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North Dakota Legislators Receive Audio Boost

Mics at every desk improve understanding

The Senate Chamber at the North Dakota State Capitol, featuring ES935SC6 cardioid condenser gooseneck microphones from Audio-Technica. Photo courtesy of Tricorne Audio.

STOW, Ohio — By 2014, the existing sound system in the North Dakota state legislature was 17 years old and the microphones in it dated back to the upgrade before that. Last year, Tricorne Audio, an AV systems integration company with offices in Fargo and Bismarck, N.D., was hired to completely renovate these audio systems, and an upgrade was long overdue.

As part of the system re-design, Tricorne needed to choose a new microphone that would be easy for legislators to use, with a user-accessible mute switch; have excellent sound and a high degree of speech intelligibility; and have a minimal profile that would let lawmakers’ faces be visible during the live webcasts the legislature streams from its sessions. One microphone came through on all of those counts and more: the ES935SC6 cardioid condenser gooseneck microphone from Audio-Technica. Part of A-T’s Engineered Sound line, Tricorne installed a total of 162 ES935SC6 microphones — 108 in the State House of Representatives and 54 in the State Senate.

“The microphones that we found in use there when we came in were really more like CB mics, with push-to-talk buttons, like old cop-car radio mics from the 1960s,” said Dallas Anderson, systems designer working out of Tricorne’s Bismarck office. “It wasn’t going to be hard to improve on the audio quality of those, but we also had to make sure they were simple to use and extremely reliable, and have the kind of low profile that would work on a live-streamed broadcast.”

As they put together the rest of the new audio system, which includes two Renkus-Heinz Iconyx loudspeakers on each side of the rostrum and a Biamp Tesira DSP processor for automated mixing and I/O management, they also tested several microphones to see how well each of these criteria were met.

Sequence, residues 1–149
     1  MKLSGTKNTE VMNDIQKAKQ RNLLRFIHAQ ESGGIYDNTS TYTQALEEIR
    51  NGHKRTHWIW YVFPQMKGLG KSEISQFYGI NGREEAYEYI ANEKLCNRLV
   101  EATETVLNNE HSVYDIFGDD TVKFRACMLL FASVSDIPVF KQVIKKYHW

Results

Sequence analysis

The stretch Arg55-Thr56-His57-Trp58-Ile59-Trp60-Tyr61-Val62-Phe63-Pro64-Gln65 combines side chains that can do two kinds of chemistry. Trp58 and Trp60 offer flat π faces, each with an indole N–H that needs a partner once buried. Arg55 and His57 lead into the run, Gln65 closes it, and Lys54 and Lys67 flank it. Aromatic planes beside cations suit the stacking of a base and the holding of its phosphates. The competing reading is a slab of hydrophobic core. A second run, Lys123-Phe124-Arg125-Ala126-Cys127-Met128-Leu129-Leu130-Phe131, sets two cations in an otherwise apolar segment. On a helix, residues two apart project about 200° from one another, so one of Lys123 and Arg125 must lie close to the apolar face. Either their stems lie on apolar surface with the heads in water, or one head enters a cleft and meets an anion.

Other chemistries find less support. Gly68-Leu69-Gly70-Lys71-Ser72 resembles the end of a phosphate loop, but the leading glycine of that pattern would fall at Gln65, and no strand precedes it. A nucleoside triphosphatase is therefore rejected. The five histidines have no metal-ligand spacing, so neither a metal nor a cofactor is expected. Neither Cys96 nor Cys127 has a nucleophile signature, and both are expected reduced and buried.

A closeup of a ES935SC6 cardioid condenser gooseneck microphone from Audio-Technica, installed at the Senate Chamber at the North Dakota State Capitol. Photo courtesy of Tricorne Audio.

“The A-T microphone sounded the best — the audio was extremely clear — and it was the only short gooseneck available, which offered a really slim low profile, perfect for on-camera use,” Anderson said. “Once they listened and looked, it was a done deal.”

The ES935SC6 is a miniature condenser microphone with a cardioid polar pattern and an integrate mute switch/LED. It is designed for sound reinforcement, professional recording, television and other demanding sound pickup applications. The small-diameter gooseneck design permits highly flexible positioning, while maintaining a smooth, well-contoured appearance. The A-T ES935SC6 is equipped with UniGuard RFI-shielding technology, which rejects radio frequency interference. That last point was particularly important, Anderson discovered, after noticing how many smartphones and tablets were regularly resting on legislators’ desks in close proximity to the microphones.

“Having the shielding is very important in government installations these days, as you never want to hear that smartphone RFI buzz or crackle coming through the audio.” he said.

This was the first time that Tricorne Audio had used the A-T ES935SC6 but it was certainly not the last — Anderson said he’s used them since then in a number of house-of-worship installations, and they perform just as well there as they do in the North Dakota legislative chambers.

“The sound is excellent,” he said. “It has a flat frequency response and natural sound. And it has excellent gain-before-feedback characteristics. It’s just a great microphone for these kinds of applications.”

But those old CB-type microphones weren’t just tossed out. Anderson said several veteran legislators asked to keep one, as mementos of an earlier era.

“They were a piece of history,” says Anderson, “but now they have a better microphone to make new history with.